Guide to Online Voiceover Work in North America
Just want to see where the gigs are? Click HERE. Sites below are 99% focused on the U.S. and Canada. Projects with multiple languages, or primarily NOT English are increasing all the time, but English is still required in 90+% of projects.
There are tons of ways to find voice over work. But first you need:
▪ Samples of your work (demo)
▪ A way to share your work with prospective clients (website)
▪ A way to record and produce work for clients (home studio)
▪ Membership in a GOOD online marketplace
▪ An understanding of fair rates
I’ll cover these briefly in order:
WEBSITE: Here’s a sample of a WIX.COM voiceover website you can create by yourself in just a few minutes. This video covers the first steps to creating a Wix.com website. If you want to try WordPress instead, click the links in the left column at this website to go step-by-step.
HOME STUDIO: Click here, or scroll to the bottom of this post for more info.
WHERE TO START: There are lots of sites purporting to help talent find work, and helpful forums such as VO-bb.com and other sites worth knowing such as VOAgentalliance.com, but in the list of dozens of sites below, I concentrate on places well-known to help you get work or connect to those that can help you. Note that site owners and reputation change all the time! Also realize that Pay-to-play (P2P) sites have their own strategies, see P2P tips and more P2P tips.
FAIR RATES: Examples • How to negotiate. How much do online jobs pay? Pretty decently at the better sites. Here are some examples with dates from screenshots of gigs after the 2018 relaunch VOPlanet, where nearly 1/4 of the gigs shown are in the $1,000-$6,000 range, and almost all available to non-union men or women. The image below is an edited summary. Actual listings on VOPlanet include much, much more detail on each gig. Posted with permission of VOPlanet owner Kevin West.
To find in-person work near you, search for advertising and recording studios near you, and possibly include the search term “talent roster.” VoiceActing101 also shares many, many ways to seek out work in a post you can read here.
The BIG List:
Info on the dozens of sites below is current as of late 2018. Key:
🛴 = Best for beginners
📜 = includes union
💲 = P2P (“Pay to play”—This means you must pay to join)
🚩 = Difficult to get into / pre-screens / special requirements
🎬 = High number of auditions per paying gig (200-500)
🦋 = Primarily animation / audio drama. Warning: Low rates are common
😡 = Unethical or unprofessional practices, high markups or low rates
🚩🚩📜 Voice Casting Hub ★ FAQ – Signup
Where top agents hear unsigned talent. To audition or book projects you must have an agent.
💲🚩🚩📜 VOPlanet ★ FAQ1 ★ FAQ2 ★ FAQ3 ★ Signup ★ Facebook ★ 2018 relaunch ★ Pros only:
“We go through those that register and double-check credentials, demo quality etc. If a talent is not quite ready, we give them guidance and a refund.”
Indeed Job Boards ★ VO Job Postings
🚩🚩📜 Voice Casting.com ★ FAQ-Signup ★ New Owner 2017 ★ Connected to VOPlanet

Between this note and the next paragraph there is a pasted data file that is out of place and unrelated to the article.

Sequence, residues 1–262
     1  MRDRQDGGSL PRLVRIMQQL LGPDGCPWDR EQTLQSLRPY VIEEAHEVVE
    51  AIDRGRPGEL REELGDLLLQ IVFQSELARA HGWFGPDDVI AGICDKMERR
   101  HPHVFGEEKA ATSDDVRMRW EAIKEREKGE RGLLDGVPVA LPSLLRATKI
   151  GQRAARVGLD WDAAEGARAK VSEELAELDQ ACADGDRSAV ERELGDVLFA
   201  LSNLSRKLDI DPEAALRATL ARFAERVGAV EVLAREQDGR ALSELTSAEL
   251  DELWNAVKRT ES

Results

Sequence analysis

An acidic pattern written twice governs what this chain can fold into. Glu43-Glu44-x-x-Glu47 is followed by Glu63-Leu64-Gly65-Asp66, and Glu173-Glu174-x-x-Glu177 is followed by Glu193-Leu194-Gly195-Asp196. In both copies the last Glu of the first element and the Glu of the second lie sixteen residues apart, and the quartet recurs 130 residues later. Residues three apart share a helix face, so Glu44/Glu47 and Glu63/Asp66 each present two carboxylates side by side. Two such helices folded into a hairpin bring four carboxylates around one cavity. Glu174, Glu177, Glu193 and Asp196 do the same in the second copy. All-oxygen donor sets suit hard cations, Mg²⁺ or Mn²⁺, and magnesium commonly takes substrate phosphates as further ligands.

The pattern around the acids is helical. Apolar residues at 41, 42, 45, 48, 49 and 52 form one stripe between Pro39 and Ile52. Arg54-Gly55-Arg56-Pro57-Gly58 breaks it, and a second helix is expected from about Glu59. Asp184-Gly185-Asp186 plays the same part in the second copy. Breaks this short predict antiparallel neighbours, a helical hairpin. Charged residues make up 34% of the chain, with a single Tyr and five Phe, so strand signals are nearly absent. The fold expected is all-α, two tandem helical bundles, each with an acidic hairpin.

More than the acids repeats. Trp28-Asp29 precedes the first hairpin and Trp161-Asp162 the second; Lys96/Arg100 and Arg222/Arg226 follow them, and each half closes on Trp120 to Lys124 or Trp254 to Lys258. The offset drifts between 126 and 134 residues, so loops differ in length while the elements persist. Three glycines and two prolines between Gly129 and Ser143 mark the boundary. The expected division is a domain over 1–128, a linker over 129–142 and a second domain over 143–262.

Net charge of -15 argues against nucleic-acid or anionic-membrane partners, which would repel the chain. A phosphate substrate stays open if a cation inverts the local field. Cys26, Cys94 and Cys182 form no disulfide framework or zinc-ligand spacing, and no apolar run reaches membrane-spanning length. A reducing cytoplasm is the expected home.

🎬🦋 Voice Chasers ★ Job Postings
💲🚩VoicesUS ★ FAQ
😡🚩📜 Backstage Magazine VO Auditions ★ Mostly NOT work from home ★ View Current
😡🛴 Fiverr ★ Low per gig (But $300+/gig once qualified)
😡😡 VoiceJockeys ★ FAQ ★ 50% gig fee
😡😡😡🚩 Voice Bunny ★ 70% gig fee ★ Paid Auditions
🛴 LinkedIn and Facebook ★ Tips
You generally MUST use a condenser microphone to record voiceover. There are some special mics that are exceptions to this rule, but they’re fairly expensive so we’ll skip them in this discussion.
While “USB mics” seem cheaper (they plug right into your computer, no mixer or adapter needed), the quality you’ll need starts at over $200 and you can get the same quality for much less total outlay. So what does a mixer do?
Your mixer will come with two cables: One plugs into your computer, and the other into a wall socket for power. You’ll need to buy the cable to plug your mic in. It’s called an XLR cable, and just ONE XLR cable brings both power and the computer audio connection to your mic.
One that is incredible for its price is the under-$100 MXL 2006 from Marshall Electronics (MXL), the company that builds many popular mics for other companies. This is a mic designed for voiceover—it sounds awesome: deep tones without heaviness and a silky, never harsh top end. Listen to amazing audio comparisons of it (click here and choose the “Downloads/Videos” tab) with other mics that cost up to $2300 (if you can’t tell the difference—and you won’t—buy this mic!)
An even more amazing microphone value is the under-$40 BM-800.
You’ll need to quiet background noise and echos by placing some material around to deaden both. The best option is to record in a clothes closet. If you want to place material that is NOT clothes around, buying towels from a Goodwill or other used/charity store turn out to be one of the most inexpensive AND effective materials. Here’s a video of some acoustic tests and how to add the towels into sound panels.
A folded towel at least four layers thick absorbs the most sound from all frequency ranges compared to many other inexpensive materials. So, do this and ignore all other info!
For spaces that need a lot of insulation, Roxul Safe ‘n’ Sound has effective sound absorption (pdf data sheet, NRC=1.05, FAQ) and is inexpensive (60 sq feet for under $50!), but, being compressible wool insulation, can be tricky to work with—keep it out of your eyes, make sure you always have it covered / wrapped. Source for this info: http://www.voiceresults.com/#equipment